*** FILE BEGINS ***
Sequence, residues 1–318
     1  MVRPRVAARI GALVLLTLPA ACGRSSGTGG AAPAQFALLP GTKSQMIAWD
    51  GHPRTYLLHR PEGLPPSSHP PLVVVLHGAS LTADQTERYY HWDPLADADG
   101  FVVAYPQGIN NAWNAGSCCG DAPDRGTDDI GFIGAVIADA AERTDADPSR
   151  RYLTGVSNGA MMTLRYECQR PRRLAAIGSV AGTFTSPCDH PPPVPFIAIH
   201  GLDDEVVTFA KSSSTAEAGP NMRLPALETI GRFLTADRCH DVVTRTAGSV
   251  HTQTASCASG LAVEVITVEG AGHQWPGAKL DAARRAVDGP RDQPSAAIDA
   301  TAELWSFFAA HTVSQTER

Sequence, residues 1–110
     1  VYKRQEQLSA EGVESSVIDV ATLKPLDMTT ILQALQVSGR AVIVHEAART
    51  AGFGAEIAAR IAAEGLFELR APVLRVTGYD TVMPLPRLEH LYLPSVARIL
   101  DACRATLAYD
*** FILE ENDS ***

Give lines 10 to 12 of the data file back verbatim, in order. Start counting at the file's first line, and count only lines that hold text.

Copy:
     1  VYKRQEQLSA EGVESSVIDV ATLKPLDMTT ILQALQVSGR AVIVHEAART
    51  AGFGAEIAAR IAAEGLFELR APVLRVTGYD TVMPLPRLEH LYLPSVARIL
   101  DACRATLAYD